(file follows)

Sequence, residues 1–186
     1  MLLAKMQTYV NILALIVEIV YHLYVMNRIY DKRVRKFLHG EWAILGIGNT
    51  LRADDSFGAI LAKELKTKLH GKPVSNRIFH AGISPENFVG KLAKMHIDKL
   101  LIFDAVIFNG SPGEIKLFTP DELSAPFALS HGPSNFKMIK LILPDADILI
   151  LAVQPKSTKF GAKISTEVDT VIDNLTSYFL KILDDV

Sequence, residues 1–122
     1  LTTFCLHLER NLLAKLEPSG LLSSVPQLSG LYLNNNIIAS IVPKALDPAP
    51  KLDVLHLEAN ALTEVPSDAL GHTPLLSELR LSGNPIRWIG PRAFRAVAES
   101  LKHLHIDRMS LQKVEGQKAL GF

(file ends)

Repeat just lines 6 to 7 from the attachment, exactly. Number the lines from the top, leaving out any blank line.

Sequence, residues 1–122
     1  LTTFCLHLER NLLAKLEPSG LLSSVPQLSG LYLNNNIIAS IVPKALDPAP